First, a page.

Cover image for Black families in corporate America
Title:
Black families in corporate America
Author:
Toliver, Susan Diane.
Personal Author:
Publication Information:
Thousand Oaks, Calif. : Sage Publications, [1998]

©1998
Physical Description:
xiii, 193 pages ; 24 cm.
Language:
English
ISBN:
9780761902911

9780761902928
Format :
Book

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Material Type
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Status
Central Library HQ536 .T55 1998 Adult Non-Fiction Central Closed Stacks
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Summary

Summary

What progress have African-Americans made in corporate America? This book examines the evidence of studies on 200 black corporate managers and their families. Susan Toliver looks at changing gender dynamics within the families of black managers, changes in approaches to parenting, and issues of racial identity within corporations and the professional black community.


Reviews 1

Choice Review

Except for E. Franklin Frazier's Black Bourgeoisie(1957), the literature is lamentably devoid of a critical assessment of corporate and managerial African American families. Toliver's study suggests that examination of these families will provide a clearer understanding of the diversity present among black families. Citing the intellectual precursors who influenced her in the field of black family studies, the author moves from the statement of the problem to an analysis of how black corporate and managerial families have been able to survive in spite of tremendous obstacles. Toliver covers a litany of topics. Explaining her methodology, she assesses the relationship between corporate family stress and the highly entrenched strengths that allow such families to cope with the stressors. Chapters cover issues such as women and work, interpersonal relations, relocation, and the role of black corporate wives in their husbands' work, among others. Chapter 9, "Inside-Outside: Themes of Marginality," deals with the more substantive issues facing corporate families. The concluding chapter ties the preceding discourse together with an eye toward familiarizing the reader with both future research and policy implications. This book has value for a broad-ranged readership. All levels. R. Stewart SUNY College at Buffalo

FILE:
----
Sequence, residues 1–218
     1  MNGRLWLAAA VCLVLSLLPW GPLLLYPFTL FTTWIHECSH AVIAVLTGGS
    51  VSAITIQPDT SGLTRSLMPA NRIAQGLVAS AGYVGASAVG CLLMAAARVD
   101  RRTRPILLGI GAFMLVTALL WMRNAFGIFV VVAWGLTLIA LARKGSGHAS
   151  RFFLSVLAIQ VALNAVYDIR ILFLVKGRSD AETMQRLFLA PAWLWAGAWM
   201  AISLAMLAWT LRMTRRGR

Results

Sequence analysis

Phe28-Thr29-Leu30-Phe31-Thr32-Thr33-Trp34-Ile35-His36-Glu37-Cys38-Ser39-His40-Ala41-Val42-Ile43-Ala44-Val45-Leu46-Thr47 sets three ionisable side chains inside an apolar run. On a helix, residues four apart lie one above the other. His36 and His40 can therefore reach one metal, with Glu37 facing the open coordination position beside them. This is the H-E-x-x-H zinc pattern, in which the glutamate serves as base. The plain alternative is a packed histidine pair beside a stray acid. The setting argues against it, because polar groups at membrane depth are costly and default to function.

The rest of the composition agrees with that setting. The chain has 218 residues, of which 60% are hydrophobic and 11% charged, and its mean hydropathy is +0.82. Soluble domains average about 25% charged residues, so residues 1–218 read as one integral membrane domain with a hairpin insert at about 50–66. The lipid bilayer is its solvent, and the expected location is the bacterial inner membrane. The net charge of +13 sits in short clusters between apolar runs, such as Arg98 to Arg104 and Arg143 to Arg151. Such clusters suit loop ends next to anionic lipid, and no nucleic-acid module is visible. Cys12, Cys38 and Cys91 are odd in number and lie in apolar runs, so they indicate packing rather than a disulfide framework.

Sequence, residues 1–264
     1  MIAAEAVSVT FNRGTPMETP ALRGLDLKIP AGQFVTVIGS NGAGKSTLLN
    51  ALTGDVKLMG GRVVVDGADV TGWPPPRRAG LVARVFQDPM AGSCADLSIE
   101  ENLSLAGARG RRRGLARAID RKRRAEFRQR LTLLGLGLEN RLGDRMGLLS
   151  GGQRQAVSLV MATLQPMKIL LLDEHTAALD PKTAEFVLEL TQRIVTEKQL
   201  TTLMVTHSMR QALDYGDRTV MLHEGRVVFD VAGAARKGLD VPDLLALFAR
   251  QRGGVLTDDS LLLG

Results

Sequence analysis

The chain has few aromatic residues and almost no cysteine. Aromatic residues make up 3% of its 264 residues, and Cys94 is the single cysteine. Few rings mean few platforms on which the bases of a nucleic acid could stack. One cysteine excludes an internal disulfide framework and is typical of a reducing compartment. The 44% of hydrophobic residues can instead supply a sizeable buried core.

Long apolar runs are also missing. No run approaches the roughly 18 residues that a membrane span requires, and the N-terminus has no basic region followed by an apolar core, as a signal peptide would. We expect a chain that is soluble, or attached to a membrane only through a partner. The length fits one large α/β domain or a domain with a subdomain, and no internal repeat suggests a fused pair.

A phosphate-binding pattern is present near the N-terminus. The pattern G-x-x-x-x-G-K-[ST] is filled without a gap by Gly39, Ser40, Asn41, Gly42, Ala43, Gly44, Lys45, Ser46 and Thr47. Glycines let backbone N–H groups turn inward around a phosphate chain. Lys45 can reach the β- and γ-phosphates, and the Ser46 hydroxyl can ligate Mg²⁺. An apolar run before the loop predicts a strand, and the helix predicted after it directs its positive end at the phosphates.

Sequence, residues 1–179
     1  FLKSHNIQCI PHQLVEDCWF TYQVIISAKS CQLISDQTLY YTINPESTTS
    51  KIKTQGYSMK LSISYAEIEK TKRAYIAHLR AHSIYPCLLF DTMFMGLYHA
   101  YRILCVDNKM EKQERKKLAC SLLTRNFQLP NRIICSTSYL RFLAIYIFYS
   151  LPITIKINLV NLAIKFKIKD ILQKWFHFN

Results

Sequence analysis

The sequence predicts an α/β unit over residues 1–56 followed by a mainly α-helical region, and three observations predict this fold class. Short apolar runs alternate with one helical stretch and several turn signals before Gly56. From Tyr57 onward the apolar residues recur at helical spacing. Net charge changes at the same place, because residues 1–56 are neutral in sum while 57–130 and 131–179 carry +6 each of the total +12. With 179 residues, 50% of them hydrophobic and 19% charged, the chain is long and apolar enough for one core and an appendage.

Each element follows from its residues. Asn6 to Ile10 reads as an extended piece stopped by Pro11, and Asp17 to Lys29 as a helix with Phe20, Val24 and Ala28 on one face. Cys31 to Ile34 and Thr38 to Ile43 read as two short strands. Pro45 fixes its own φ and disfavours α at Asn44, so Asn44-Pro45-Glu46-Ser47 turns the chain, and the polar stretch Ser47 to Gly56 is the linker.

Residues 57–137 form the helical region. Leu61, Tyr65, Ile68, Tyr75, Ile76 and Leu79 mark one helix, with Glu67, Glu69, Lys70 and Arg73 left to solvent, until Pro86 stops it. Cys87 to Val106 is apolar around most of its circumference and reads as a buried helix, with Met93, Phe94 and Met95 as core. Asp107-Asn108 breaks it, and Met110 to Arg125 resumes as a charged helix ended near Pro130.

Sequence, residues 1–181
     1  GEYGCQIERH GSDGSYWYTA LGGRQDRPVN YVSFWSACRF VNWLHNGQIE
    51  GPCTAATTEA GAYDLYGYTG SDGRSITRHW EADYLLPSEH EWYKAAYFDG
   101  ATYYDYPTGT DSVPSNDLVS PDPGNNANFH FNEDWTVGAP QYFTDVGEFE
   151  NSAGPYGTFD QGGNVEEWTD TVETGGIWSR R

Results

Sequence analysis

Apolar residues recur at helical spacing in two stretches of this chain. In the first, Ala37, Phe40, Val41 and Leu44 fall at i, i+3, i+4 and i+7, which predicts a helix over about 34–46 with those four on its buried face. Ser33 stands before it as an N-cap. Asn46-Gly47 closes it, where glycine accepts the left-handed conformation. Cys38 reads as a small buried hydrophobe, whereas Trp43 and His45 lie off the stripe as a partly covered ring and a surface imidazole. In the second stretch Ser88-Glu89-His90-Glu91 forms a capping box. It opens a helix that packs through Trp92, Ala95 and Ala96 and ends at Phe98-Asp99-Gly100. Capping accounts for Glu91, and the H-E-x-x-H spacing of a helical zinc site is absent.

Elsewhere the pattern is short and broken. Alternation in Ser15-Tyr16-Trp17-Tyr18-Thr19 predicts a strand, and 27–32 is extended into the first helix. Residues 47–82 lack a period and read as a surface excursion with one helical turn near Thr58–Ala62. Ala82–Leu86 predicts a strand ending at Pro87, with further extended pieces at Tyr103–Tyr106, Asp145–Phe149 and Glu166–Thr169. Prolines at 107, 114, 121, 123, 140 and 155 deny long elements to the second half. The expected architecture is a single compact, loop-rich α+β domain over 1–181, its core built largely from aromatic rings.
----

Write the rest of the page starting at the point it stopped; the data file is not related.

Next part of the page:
Table of Contents

Part 1 Introduction
Corporate Family Stress, Black Family Strengths
The Literature
How the Research Was Done
Methods, Materials and Sources of Data
Part 2 Introduction
Presentation of Selected Data
What the Findings of This Study Reveal about Corporate Family Stress and Black Family Strengths
Women, Work and Interpersonal Relationships
Relocation
Families on the Move
Wives' Incorporation in Husbands' Work
Childrearing
Black Middle Class Issues and Concerns
Inside - Outside
Themes of Marginality
Summary, Conclusions and Discussion

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